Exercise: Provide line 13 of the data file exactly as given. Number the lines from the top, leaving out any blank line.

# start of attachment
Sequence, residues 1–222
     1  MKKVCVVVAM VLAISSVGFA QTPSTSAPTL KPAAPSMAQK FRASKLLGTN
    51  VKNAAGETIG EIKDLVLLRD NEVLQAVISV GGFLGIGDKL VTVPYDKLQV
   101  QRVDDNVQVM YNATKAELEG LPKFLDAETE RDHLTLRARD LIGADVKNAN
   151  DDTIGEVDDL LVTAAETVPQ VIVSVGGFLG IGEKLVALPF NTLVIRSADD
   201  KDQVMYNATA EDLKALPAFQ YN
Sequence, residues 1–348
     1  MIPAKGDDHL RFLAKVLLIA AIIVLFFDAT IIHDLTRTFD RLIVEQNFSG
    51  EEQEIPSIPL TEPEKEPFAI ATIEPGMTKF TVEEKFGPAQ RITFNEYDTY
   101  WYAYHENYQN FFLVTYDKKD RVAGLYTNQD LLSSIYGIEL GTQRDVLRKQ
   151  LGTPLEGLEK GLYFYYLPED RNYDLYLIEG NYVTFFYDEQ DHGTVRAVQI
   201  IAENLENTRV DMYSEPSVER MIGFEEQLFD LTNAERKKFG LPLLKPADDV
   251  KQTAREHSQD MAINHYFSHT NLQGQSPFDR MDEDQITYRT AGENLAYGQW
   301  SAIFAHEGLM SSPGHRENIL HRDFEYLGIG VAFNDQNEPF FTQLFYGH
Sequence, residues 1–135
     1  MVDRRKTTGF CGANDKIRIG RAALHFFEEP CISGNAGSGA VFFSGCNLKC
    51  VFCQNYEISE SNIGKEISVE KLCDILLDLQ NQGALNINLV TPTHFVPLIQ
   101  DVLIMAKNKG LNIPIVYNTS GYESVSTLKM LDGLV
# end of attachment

   251  KQTAREHSQD MAINHYFSHT NLQGQSPFDR MDEDQITYRT AGENLAYGQW